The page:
Understanding that the brain is the first thing that can kill a person, as mentioned before, we are in turn increasing our awareness of our body’s reaction to the situation. Improving morale is key to a healthy mind, and a healthy mind is key to a healthy body, both of which we need to live. It’s important to never doubt yourself or your training. Doubt can lower morale, lower the will to survive, and cause us to make mistakes. Hope and religion can also help to ease the mind. Also, physically protecting your brain from heat and cold can be just as important. Failure to do this can result in an injury to the brain, causing the survivor to make poor judgements. Morale improves with comfort and satisfaction. But what makes a person comfortable during survival? Think back to the basic items we have every day: heat, shelter, water, food, safety, and my favorite, bedding. These 6 basic comforts will increase morale, health, and survivability. Also, think about what satisfies you. Small accomplishments can help ease the struggle of doubt and fear. Building fires and shelters often evokes a feeling of accomplishment and relief. The warmth and light from a fire strikes a primitive cord inside us all and can make one feel at home.
“True students of survival, and life, recognize that their inner worlds must be brought into order before their outer experience of life follows suit. If your mental and emotional worlds are filled with fear, doubt and chaos, how can you expect to have happiness and the calm feeling of centered self reliance in your life? The feeling and activity of true self reliance comes from within you and cannot be bought. Being able to consciously project confidence, to truly feel it, is fairly easy when you have your bases covered.” (“When All Hell Breaks Loose” Cody Lundin, pg. 27) Having the right mindset will help you in everyday life. Having a calm and centered demeanor will help you meet any challenge with a clear state of mind. This mental clarity is advantageous to any situation, be it wilderness survival or daily tasks. Staying rational and sane may be challenging, especially in recent years with the fall of economy and turmoil around the world.
Everyone has challenges in life, regardless of their social station. In the urban environment, people are struggling financially to provide basic comforts for themselves and their families. In recent years, reports of suicides due to financial woe, have gone up. ChinaDaily.com reports “Statistics showed that the suicide rate increased from 11.0 in 2005 to 11.2 in 2006 in the US. The rate has fluctuated since 2000, ranging from a low of 10.4 suicides per 100,000 population in 2000 to a high of 11.2 in 2006, with a mean rate of 10.9.” (“Bad economy blamed for high suicide rate in U.S.”, Xinhua) Of those statistics, two groups emerge, those who killed themselves to end the pain, and those who killed them selves for the life insurance for their families. Both share the same characteristic, they lost hope, they lost the will to live. If these people were thrown into a wilderness survival situation, they would most likely be dead within 24 hours. The reason being is because there would be no will to survive. In their mind the big question would be, what would be the reason for surviving? Giving up would certainly be easier.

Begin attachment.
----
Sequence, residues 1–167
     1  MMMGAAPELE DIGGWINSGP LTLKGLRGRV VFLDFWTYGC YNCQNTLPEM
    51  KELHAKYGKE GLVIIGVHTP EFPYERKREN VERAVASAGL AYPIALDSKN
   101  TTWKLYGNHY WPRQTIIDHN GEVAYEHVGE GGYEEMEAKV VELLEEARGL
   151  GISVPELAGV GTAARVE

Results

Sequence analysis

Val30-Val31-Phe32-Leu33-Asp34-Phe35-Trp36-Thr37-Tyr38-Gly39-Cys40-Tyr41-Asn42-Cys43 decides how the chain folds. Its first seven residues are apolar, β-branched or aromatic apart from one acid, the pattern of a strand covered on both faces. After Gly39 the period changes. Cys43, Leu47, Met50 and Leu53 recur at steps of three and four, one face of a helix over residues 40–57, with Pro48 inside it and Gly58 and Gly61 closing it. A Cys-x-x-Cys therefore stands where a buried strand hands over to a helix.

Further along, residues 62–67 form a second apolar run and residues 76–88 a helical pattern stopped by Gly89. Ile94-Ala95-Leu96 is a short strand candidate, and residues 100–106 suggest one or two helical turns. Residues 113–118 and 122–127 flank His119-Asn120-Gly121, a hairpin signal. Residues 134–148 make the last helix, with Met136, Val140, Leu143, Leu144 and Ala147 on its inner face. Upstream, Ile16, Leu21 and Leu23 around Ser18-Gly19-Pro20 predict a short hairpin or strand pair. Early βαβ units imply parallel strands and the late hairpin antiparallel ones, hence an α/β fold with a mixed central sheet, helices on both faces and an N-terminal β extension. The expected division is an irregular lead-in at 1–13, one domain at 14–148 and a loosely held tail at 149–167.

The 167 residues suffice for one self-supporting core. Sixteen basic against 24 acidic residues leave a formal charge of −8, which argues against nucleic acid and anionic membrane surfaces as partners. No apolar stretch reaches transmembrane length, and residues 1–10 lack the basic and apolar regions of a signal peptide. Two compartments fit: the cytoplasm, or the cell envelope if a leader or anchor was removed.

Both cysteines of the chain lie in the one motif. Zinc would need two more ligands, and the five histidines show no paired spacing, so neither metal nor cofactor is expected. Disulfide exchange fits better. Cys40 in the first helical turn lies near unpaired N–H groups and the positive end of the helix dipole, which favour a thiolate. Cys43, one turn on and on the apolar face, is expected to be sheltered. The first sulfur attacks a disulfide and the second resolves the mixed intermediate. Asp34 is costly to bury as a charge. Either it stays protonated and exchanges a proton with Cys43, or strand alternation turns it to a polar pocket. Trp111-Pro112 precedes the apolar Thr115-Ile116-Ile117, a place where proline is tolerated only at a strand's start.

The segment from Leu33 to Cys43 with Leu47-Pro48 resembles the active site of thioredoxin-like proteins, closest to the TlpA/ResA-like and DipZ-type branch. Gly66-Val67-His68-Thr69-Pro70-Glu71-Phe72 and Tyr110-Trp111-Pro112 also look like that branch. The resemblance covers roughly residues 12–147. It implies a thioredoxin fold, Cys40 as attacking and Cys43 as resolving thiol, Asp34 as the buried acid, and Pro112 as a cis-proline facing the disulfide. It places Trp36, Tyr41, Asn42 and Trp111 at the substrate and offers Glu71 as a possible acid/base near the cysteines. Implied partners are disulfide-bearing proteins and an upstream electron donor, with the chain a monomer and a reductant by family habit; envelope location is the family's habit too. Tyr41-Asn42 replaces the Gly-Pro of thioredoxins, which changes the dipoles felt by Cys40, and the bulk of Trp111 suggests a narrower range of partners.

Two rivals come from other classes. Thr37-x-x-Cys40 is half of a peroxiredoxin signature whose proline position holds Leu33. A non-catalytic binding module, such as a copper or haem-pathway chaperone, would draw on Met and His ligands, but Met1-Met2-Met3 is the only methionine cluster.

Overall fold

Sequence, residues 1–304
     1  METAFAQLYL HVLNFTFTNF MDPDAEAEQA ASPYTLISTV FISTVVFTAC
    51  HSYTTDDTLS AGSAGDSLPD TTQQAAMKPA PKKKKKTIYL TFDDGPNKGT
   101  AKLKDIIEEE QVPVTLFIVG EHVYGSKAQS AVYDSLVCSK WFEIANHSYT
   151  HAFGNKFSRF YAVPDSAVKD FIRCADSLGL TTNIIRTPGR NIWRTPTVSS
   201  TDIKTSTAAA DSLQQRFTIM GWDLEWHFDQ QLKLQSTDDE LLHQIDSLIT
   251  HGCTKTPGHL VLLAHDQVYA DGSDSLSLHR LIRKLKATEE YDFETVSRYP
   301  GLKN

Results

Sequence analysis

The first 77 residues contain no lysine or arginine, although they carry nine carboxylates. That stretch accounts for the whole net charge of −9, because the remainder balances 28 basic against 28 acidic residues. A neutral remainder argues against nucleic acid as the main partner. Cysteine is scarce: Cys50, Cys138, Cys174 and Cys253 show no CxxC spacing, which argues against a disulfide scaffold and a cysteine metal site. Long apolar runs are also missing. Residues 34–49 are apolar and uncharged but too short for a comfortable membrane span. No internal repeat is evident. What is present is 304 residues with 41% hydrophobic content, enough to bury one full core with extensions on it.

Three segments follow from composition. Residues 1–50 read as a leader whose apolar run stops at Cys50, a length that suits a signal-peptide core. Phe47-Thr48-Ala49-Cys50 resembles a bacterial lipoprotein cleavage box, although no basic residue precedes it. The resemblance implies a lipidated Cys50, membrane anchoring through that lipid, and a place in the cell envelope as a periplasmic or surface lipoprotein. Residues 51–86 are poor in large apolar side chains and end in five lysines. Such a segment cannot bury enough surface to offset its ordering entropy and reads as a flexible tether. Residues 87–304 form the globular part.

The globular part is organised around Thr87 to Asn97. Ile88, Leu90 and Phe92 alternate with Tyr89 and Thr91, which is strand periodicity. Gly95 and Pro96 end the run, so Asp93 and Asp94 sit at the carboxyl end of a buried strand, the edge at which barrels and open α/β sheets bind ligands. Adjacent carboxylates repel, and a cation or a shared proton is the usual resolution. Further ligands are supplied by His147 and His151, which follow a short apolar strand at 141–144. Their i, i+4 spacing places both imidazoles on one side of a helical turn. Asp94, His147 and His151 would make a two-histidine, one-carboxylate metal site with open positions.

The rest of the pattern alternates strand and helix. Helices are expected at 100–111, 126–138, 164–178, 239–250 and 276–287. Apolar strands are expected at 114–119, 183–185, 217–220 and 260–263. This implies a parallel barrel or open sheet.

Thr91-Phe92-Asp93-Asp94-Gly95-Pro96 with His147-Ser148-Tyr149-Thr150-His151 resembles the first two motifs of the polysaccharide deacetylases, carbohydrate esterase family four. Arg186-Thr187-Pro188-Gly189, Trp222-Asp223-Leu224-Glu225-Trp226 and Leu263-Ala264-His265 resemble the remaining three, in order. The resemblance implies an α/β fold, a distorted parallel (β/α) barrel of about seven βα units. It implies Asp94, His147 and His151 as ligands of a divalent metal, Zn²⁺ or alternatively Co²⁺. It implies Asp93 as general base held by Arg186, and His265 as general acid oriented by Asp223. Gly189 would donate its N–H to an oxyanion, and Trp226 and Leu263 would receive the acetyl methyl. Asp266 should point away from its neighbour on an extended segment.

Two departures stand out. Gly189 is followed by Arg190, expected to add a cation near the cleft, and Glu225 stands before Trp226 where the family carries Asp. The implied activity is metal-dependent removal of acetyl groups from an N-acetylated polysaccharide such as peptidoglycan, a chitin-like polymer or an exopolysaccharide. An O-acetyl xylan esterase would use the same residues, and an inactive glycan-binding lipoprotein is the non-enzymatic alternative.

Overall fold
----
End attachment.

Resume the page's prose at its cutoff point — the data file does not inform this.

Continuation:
In essence, being aware of your mental state, is one of the most important factors in living though any harrowing situation. Once you are aware of what is happening to your body physically, you can then mentally prepare your self for whats ahead. Lets face it, having to survive is not fun and is very taxing. The best way to survive anything is with a positive attitude and believe it or not, a sense of humor. This goes for life in general as well. Each day we wake up with some sort of fear, whether its paying the bills, driving to work, or pleasing the boss. In order for us to survive we must accept and over come fear. One day some of us may be put into the real life or death situation , and then you have a whole new set of problems and finding food, water and shelter would just be the basics. In order to emotionally survive the wilderness, you must have a healthy mind to begin with. If your not surviving your daily life, how would you survive the wilderness? “ I must not fear. Fear is the mind-killer. Fear is the little death that brings total obliteration. I will face my fear. I will permit it to pass over me and through me. and when it has gone past, I will turn the inner eye to see it’s path. Where the fear has gone, there will be nothing. Only I will remain.” ( Frank Herbert, Dune, Bene Gesserit litany against fear)
-Hiking San Diego